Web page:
## 1. Flexible Prior Models

### 1.1. Introduction

[2] Many methods of incorporating variations in ionospheric electron density have been attempted over the years. These methods have ranged from real time modeling [*Anderson et al.*, 1989; *Daniell et al.*, 1995] to stochastic representations of a nonstationary ionosphere [*Fremouw et al.*, 1992]. In this section, a new procedure for incorporating variations in ionospheric electron density will be presented. This procedure has the following characteristics:

[3] 1. It will include in the reconstruction electron density perturbations that are not well represented by state-of-the-art prior models. Special attention is paid to geometrical transformation models consistent with the available data, additional prior information, and known features of ionospheric electron density.

[4] 2. It will produce a flexible prior background density to be subsequently utilized as a starting point for a specific class of iterative algorithms. These iterative algorithms allow one to use the starting point as part of incorporating additional information to the problem formulation.

[5] Bayesian reconstruction methods have been shown to substantially improve the accuracy of the reconstruction obtained from limited data if the object under study does not differ very much in size, shape or position from the assumed model. However, difficulties arise when the prior model is held fixed relative to the spatial coordinate system of the reconstruction [*Hanson and Wecksung*, 1983; *Hanson*, 1992]. A deterministic parameter modeling approach is proposed here in which, the prior model for the object under study is allowed to both alter its characteristics, and include additional information in a manner that can still accommodate the available data. The available data and the updated prior can then be used in conjunction with carefully selected iterative Bayesian algorithms to produce updated density solutions. *Combettes* [1993] suggests a set-theoretic framework where reliable and optimal reconstruction systems can be built by exploiting known information through successive projections onto convex sets, rather than imposing a subjective notion of optimality. *Hanson* [1992] suggests that the prior can acquire geometrical flexibility based on the available data. This flexibility is achieved by allowing a warping of the coordinate system of the prior into that of the reconstruction, which makes it possible for some of the geometrical characteristic features, inherent in the density solution, to be included. Geometrical transformations when judiciously applied to a prior model can accommodate differences in size, position, shape, and orientation of the model. The nature of the resulting solutions is fundamentally different, in the sense that these solutions will be supplied with a mechanism, which accommodates variations in the geometrical differences in the solution, known to exist, but not at all inherent to state-of-the-art prior models such as PIM or IRI. *Combettes and Trussel* [1990] and *Hanson* [1992] together provide a framework within which the parameters needed to specify a desired transformation, and the use of additional information, can be factored as part of an overall reconstruction system.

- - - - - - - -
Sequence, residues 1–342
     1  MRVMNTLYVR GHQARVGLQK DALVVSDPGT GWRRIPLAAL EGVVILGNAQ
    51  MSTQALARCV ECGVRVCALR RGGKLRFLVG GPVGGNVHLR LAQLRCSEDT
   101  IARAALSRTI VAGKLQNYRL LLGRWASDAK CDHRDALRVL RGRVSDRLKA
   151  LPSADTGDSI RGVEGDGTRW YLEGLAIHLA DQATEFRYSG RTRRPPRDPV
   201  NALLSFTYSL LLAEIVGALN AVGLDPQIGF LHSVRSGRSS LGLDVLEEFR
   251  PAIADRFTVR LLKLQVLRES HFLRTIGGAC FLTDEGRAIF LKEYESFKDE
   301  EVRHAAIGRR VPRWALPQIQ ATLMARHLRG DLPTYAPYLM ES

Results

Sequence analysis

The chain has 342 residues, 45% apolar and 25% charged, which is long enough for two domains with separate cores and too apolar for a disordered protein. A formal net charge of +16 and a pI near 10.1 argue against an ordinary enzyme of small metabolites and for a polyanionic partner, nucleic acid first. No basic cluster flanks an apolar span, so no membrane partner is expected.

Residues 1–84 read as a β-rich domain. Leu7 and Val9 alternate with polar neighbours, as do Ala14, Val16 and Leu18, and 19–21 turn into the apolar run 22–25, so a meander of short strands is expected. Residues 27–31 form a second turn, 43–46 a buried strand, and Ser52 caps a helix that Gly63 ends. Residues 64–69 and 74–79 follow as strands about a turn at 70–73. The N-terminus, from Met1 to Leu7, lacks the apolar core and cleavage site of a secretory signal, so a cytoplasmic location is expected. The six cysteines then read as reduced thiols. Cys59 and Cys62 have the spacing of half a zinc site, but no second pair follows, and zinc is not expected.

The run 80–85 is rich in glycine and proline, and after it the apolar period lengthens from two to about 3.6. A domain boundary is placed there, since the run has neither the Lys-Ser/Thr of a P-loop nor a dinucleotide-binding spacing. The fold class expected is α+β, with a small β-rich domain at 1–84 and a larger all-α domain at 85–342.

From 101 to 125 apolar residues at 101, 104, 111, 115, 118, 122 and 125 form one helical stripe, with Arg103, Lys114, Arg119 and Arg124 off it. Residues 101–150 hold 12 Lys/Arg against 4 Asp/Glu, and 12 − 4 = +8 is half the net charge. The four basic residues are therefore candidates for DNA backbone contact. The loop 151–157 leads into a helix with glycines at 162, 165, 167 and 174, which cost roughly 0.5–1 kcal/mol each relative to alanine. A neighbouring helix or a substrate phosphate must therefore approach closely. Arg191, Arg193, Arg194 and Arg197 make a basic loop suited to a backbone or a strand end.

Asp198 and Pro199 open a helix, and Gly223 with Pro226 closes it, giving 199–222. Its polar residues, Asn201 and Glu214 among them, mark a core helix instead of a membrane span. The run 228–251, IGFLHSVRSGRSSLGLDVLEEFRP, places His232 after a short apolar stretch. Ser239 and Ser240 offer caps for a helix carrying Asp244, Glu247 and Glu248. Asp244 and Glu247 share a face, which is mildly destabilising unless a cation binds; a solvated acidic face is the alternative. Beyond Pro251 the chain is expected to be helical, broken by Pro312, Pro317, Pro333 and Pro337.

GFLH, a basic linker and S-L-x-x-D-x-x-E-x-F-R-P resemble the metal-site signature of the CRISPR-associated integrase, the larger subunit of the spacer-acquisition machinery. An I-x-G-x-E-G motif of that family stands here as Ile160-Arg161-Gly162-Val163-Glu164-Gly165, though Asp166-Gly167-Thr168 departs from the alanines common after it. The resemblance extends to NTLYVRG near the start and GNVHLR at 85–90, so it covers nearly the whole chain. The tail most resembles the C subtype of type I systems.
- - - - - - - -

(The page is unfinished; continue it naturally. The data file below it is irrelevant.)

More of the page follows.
### 1.2. Geometrical Variations With PIM Input Parameters

[6] In this section we review the type of geometrical variations that can be derived from variations in PIM input parameters. The nature of the variations in electron density taking place as we vary the following parameters: The sunspot number (SSN), the magnetic index (Kp) and the instantaneous solar flux (F_{10.7}) are well known. Variations in SSN create shifts of peak electron density with latitude. Variations in Kp and F_{10.7} create density bending and stretching effects at midlatitudes. These variations represent behaviors not well represented in PIM or IRI. The Flexible Prior Model and the ABMART iterative processes, to be discussed, are utilized as a means of incorporating geometrical variations in models such as PIM and IRI, and adding additional information to the overall reconstruction process. The Flexible Prior Model is therefore used as a means of adding flexibility to the prior, while the ABMART iterative reconstruction process is used as a regularization procedure; a smoothing mechanism and a means of adding additional information to the problem formulation.